The RaDAR can provide information on the shape of the land surface but not on the geology, and if there is water it can’t image through to see what lies below. This is where Lamont’s gravity and magnetics teams work to fill in the missing information. Matching the bed shape to the gravity/magnetics information on the ‘bed’ material is important in developing our understanding of how the glacier may move in the future.
Measuring Greenland’s ice sheet and the land that holds it in check is a first step in a long walk that will take us to predicting the future of that ice sheet and its impacts on sea level rise. Every line of Ice Bridge data collected fills a blank that moves us closer.
Special thanks to Aqsa Patel & Kevin Player for their willingness to answer all my questions on the CReSIS radar systems, and Beth Burton and Kirsty Tinto on the magnetics and gravity systems.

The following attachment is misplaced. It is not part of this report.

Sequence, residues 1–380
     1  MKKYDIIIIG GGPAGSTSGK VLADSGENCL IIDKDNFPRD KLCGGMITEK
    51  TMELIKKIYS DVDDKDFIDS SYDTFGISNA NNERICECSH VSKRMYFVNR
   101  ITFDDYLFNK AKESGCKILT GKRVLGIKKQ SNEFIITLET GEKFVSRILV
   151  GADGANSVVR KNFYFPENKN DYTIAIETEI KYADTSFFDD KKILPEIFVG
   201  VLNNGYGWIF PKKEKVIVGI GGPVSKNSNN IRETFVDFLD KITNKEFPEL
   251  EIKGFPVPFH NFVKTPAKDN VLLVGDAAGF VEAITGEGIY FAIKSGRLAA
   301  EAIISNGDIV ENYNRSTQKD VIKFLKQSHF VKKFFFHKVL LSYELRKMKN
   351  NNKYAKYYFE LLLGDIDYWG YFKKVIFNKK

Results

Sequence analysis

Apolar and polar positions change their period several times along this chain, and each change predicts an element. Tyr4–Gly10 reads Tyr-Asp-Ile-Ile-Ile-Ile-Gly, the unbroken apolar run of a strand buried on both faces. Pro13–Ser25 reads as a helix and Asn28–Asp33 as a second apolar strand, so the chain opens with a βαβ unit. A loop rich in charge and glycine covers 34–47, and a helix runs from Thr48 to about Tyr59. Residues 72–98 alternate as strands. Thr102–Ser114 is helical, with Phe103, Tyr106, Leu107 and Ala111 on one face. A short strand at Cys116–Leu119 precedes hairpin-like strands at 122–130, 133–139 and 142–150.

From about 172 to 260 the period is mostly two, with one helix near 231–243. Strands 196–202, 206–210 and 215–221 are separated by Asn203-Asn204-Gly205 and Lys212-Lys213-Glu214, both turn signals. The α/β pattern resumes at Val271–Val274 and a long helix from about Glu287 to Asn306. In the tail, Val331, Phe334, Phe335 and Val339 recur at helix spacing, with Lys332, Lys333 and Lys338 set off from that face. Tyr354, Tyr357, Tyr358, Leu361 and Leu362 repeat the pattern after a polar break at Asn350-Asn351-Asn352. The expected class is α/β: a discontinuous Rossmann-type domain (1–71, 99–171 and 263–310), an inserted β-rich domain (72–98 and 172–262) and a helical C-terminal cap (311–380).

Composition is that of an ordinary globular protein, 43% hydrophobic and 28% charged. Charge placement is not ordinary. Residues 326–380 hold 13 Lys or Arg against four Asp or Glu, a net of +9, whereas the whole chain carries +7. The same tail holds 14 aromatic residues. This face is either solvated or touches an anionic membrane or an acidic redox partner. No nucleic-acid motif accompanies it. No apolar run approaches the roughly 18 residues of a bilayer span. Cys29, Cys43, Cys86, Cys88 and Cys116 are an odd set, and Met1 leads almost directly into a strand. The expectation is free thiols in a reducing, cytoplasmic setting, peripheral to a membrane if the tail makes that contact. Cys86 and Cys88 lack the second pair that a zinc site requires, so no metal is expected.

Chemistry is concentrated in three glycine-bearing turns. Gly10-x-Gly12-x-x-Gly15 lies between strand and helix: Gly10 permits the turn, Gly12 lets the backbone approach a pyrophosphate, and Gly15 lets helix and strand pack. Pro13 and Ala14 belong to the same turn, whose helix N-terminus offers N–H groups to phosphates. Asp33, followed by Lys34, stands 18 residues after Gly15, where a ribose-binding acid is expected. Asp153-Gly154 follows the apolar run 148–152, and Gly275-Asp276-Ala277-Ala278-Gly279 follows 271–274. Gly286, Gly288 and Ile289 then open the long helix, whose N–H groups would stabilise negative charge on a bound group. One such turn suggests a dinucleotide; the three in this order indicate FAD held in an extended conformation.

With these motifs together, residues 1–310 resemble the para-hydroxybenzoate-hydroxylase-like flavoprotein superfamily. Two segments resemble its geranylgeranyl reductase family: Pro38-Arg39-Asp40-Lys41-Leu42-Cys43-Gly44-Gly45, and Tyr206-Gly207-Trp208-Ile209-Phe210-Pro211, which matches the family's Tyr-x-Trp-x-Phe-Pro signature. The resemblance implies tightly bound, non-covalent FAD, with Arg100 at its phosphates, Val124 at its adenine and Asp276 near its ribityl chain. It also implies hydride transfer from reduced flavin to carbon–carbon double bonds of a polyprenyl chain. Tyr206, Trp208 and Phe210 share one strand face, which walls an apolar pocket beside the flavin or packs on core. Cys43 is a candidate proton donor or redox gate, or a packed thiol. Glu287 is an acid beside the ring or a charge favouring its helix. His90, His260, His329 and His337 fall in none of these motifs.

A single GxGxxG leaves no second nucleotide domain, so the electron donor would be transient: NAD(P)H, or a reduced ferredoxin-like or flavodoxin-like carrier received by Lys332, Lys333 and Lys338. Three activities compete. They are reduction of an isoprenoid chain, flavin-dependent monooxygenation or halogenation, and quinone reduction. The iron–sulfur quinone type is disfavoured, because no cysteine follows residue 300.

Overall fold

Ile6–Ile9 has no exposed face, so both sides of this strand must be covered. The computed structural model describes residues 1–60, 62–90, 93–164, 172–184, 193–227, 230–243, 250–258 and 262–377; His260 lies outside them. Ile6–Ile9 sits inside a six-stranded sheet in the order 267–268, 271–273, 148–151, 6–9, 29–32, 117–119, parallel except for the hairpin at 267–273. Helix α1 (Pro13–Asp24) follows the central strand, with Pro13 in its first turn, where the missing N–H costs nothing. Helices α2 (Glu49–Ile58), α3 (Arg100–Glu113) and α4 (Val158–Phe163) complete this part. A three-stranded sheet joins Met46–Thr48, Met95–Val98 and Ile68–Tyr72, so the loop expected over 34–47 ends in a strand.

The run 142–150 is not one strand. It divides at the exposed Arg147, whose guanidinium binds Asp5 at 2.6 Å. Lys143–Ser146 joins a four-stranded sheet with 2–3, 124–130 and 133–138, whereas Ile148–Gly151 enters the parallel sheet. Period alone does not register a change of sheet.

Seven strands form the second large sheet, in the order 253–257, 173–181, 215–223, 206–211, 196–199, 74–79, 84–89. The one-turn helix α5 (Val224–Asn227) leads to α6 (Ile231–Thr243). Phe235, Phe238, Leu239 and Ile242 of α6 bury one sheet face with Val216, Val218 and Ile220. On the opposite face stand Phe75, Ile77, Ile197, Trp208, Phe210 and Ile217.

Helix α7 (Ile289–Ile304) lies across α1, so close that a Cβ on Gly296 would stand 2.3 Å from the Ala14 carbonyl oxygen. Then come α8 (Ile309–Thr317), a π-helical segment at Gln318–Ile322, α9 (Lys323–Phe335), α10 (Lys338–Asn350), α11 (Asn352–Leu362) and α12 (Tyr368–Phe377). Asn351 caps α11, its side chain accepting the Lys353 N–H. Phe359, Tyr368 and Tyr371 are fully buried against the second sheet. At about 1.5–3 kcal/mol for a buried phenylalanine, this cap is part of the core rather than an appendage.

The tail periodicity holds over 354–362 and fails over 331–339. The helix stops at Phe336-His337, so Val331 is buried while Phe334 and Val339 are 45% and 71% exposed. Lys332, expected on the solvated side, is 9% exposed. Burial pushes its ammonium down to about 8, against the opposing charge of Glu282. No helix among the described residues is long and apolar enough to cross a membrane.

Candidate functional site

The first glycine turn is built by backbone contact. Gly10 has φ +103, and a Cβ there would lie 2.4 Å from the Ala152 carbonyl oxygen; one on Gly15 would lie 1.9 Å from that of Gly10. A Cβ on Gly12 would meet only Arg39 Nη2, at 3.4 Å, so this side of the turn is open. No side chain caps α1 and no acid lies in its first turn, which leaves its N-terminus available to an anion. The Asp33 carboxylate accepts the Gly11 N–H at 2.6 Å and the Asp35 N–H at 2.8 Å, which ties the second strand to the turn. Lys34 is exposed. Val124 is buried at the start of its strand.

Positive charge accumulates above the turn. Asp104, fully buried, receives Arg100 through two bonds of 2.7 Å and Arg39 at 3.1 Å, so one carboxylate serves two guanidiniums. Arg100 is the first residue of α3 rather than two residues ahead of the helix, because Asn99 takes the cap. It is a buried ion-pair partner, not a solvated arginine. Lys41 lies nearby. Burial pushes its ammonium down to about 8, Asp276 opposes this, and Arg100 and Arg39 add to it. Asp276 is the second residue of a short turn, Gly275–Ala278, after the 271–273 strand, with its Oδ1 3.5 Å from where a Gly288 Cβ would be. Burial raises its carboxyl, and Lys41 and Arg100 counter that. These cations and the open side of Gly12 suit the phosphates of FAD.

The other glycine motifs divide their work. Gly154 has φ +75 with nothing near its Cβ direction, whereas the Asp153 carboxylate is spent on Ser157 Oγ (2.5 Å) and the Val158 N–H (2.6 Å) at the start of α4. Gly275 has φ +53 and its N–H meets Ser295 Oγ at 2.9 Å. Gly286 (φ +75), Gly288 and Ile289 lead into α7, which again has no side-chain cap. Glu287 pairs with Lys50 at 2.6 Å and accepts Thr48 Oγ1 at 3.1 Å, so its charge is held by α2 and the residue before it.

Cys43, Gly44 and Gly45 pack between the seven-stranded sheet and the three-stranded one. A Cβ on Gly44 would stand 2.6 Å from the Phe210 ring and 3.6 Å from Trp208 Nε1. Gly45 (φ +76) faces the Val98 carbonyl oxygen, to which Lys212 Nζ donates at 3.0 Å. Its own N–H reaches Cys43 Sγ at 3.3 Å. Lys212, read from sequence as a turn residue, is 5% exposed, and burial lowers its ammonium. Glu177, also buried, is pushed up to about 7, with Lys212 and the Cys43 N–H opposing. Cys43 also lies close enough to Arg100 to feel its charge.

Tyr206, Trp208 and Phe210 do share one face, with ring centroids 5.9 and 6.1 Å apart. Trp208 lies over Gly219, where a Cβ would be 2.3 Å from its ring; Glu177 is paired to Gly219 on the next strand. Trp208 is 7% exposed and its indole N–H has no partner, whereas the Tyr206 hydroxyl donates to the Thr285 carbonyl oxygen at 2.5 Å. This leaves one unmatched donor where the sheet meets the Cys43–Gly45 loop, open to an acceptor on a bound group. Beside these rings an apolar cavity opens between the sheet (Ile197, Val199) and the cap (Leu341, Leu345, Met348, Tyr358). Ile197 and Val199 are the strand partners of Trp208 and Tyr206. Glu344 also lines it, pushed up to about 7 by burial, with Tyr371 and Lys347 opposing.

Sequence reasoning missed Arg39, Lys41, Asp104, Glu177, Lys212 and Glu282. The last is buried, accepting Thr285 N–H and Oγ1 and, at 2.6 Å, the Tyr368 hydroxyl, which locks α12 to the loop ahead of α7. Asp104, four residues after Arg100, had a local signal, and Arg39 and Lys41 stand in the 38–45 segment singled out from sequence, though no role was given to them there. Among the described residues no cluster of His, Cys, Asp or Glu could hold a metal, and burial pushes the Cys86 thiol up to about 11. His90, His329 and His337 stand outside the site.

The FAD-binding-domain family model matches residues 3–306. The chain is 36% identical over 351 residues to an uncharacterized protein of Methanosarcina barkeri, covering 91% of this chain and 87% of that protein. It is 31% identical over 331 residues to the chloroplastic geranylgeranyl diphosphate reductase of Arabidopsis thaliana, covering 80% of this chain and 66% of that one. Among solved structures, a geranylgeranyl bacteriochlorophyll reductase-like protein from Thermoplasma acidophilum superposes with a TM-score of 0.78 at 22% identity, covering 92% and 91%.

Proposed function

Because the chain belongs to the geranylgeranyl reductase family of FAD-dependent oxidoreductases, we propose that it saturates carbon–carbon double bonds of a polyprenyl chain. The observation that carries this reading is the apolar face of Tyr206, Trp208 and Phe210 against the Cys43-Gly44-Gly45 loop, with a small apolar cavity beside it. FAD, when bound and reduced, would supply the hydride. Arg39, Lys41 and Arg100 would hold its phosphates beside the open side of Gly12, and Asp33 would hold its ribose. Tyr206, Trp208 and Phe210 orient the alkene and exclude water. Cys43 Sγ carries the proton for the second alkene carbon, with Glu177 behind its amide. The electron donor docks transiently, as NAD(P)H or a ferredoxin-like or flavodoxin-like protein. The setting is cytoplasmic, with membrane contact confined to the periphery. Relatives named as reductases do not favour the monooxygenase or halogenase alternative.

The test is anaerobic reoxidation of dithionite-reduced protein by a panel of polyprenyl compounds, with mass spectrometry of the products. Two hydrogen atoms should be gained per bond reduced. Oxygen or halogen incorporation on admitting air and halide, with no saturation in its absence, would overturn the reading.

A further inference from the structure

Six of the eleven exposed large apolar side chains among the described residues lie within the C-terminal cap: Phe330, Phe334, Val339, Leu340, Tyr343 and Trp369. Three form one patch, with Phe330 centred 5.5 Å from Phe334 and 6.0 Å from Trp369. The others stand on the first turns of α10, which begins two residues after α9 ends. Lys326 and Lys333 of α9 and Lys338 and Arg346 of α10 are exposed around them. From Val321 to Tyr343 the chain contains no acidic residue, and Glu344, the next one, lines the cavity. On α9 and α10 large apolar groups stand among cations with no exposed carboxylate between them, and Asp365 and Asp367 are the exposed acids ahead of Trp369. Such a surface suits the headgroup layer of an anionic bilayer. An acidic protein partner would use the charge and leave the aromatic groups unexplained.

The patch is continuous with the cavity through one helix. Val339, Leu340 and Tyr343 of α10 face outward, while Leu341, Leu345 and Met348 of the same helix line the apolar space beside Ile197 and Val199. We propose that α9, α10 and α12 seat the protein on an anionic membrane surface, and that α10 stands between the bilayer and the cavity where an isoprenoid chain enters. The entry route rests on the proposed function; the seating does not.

For more blogs on this project: http://blogs.ei.columbia.edu/tag/greenland-ice-sheet/
For more on this project at LDEO: http://www.ldeo.columbia.edu/icebridge
For more about NASA Ice Bridge: http://www.nasa.gov/icebridge/
Columbia University IT group is investigating intermittent problems with the myUNI services for password changes and resets. Some users are experiencing long wait times and a <
To Norse mythology Midgard is a place that is impassable, surrounded by a world of ocean. Thor, the hammer-wielding warrior god often traveled across to Midgard, and one imagines evidence of his fiery power remains in the highly charged rocks that are left behind. Magnetized rocks containing Thor’s energy and the fiery touch of his lightning bolts.